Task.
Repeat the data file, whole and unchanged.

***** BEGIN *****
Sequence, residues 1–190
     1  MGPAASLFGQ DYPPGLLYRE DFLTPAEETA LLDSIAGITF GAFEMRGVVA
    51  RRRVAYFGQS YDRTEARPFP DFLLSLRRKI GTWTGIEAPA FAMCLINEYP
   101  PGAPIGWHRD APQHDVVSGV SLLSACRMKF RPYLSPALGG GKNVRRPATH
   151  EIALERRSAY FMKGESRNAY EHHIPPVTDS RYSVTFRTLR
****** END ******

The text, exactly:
Sequence, residues 1–190
     1  MGPAASLFGQ DYPPGLLYRE DFLTPAEETA LLDSIAGITF GAFEMRGVVA
    51  RRRVAYFGQS YDRTEARPFP DFLLSLRRKI GTWTGIEAPA FAMCLINEYP
   101  PGAPIGWHRD APQHDVVSGV SLLSACRMKF RPYLSPALGG GKNVRRPATH
   151  EIALERRSAY FMKGESRNAY EHHIPPVTDS RYSVTFRTLR